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anonymous
 one year ago
Here is a pic of the question. The question is easy to solve but I need to assume constant pressure to do so. It doesn't mention in the question whether pressure is constant however. But in other questions in the same assignment, pressure is constant. So should it be safe to assume constant pressure or is there a solution I don't see? (Unlikely)
anonymous
 one year ago
Here is a pic of the question. The question is easy to solve but I need to assume constant pressure to do so. It doesn't mention in the question whether pressure is constant however. But in other questions in the same assignment, pressure is constant. So should it be safe to assume constant pressure or is there a solution I don't see? (Unlikely)

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anonymous
 one year ago
Best ResponseYou've already chosen the best response.0http://tinypic.com/r/2qinsd0/8 The pic can be found at the above link

Abhisar
 one year ago
Best ResponseYou've already chosen the best response.0Where is the question?

anonymous
 one year ago
Best ResponseYou've already chosen the best response.0Question picture link is posted above.

anonymous
 one year ago
Best ResponseYou've already chosen the best response.0@Nnesha @aaronq @zepdrix

anonymous
 one year ago
Best ResponseYou've already chosen the best response.0@texaschic101 @Abhisar

anonymous
 one year ago
Best ResponseYou've already chosen the best response.0Guys any help/suggestions would be great. I just need some help with making this assumption. The problem itself is easy.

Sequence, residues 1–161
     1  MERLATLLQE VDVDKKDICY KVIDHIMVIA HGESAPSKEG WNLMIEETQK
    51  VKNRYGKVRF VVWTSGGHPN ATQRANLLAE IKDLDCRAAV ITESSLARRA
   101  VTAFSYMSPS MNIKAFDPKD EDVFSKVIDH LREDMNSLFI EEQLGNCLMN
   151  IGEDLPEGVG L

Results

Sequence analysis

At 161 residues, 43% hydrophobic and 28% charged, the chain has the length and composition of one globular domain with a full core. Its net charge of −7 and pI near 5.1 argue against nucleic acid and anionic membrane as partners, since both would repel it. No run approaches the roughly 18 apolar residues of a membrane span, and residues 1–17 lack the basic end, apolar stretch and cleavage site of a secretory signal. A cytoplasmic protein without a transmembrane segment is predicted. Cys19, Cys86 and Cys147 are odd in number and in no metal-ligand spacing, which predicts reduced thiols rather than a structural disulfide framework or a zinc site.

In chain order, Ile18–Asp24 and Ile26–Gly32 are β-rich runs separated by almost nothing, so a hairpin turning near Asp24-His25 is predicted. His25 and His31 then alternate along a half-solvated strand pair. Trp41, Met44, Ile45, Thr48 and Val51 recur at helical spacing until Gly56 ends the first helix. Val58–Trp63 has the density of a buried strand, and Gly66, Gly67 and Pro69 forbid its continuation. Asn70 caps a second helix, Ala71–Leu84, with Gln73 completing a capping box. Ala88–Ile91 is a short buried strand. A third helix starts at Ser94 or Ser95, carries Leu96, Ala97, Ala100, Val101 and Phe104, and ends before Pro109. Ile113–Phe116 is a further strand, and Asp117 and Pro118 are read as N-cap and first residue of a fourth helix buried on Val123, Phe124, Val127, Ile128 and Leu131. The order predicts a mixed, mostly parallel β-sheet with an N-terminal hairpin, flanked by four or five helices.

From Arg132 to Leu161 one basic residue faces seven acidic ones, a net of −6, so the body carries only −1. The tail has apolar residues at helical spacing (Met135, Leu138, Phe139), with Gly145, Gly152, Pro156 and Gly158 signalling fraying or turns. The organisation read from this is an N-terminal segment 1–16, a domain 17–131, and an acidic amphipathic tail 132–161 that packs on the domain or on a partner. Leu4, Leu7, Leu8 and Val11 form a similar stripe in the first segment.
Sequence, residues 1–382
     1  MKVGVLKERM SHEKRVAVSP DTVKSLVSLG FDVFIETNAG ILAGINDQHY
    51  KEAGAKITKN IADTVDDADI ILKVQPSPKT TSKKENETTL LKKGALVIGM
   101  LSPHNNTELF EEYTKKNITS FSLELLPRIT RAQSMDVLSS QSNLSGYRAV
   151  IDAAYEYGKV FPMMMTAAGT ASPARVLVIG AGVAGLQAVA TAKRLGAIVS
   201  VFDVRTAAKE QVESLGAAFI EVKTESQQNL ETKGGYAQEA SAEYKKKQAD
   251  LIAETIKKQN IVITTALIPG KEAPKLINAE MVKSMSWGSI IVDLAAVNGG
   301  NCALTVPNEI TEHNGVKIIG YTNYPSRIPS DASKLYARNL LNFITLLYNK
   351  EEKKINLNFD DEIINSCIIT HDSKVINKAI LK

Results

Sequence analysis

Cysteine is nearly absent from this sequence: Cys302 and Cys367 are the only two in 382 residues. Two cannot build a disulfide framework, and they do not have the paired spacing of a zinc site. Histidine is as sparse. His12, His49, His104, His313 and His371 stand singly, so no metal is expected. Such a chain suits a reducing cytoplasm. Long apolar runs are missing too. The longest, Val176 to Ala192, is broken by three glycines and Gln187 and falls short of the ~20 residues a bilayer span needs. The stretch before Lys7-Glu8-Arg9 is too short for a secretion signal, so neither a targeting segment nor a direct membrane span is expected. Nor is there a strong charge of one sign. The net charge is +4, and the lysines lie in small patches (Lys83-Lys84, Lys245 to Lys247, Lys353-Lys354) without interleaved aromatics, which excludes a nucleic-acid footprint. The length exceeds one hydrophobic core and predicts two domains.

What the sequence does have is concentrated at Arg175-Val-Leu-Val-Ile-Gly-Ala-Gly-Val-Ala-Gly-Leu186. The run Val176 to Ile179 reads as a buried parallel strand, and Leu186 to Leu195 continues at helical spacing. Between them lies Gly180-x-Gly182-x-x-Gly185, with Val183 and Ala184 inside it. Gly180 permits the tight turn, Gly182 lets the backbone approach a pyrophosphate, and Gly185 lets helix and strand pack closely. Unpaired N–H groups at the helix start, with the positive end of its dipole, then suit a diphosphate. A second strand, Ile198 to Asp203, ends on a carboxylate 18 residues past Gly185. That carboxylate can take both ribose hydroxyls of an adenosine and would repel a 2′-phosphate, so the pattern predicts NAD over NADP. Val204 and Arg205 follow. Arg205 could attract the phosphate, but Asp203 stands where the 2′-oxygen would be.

Michele_Laino
 one year ago
Best ResponseYou've already chosen the best response.2I think that the pressure is constant

Michele_Laino
 one year ago
Best ResponseYou've already chosen the best response.2pressure of nitrogen, of course

anonymous
 one year ago
Best ResponseYou've already chosen the best response.0Yeah that's what I wanted to assume as well. This is problem 3, in problem 4 they tell you to take the pressure as constant. That's why I was wondering if it would be a safe assumption. Once I can assume that, all is well.

Michele_Laino
 one year ago
Best ResponseYou've already chosen the best response.2from your picture, I can see that the nitrogen gas makes a free expansion, namely the only pressure against nitrogen is the external pressure, which is constant I think

anonymous
 one year ago
Best ResponseYou've already chosen the best response.0The atmospheric pressure I believe is neglected here and isn't of concern. It's just the heat that is expanding the gas. Since the temperature is increasing, and the temperature is increasing the volume, then it should imply that pressure remains constant.

Michele_Laino
 one year ago
Best ResponseYou've already chosen the best response.2more precisely, I think that the constant pressure has to be considered as an initial hypothesis. Afterthat, if we apply the equation of state ofgases, we can write this: \[\Large {T_{final}} = 2{T_{initial}}\]

Michele_Laino
 one year ago
Best ResponseYou've already chosen the best response.2work \(W\) done by nitrogen gas, is: \[W = {P_1}\left( {{V_2}  {V_1}} \right) = {P_1}\left( {2{V_1}  {V_1}} \right) = {P_1}{V_1}\] where \(P_\,V_\\) are initial pressure and volume of nitrogen, respectively

Michele_Laino
 one year ago
Best ResponseYou've already chosen the best response.2oops... where \(P_1,V_1\) are initial pressure and volume of nitrogen, respectively

anonymous
 one year ago
Best ResponseYou've already chosen the best response.0Yeah all that is trivial. The problem is trivial. The only issue I had was the original assumption. Not looking for a solution, just the help whether I should assume that or not. From what I've read now and what you are saying, that should be the right assumption.
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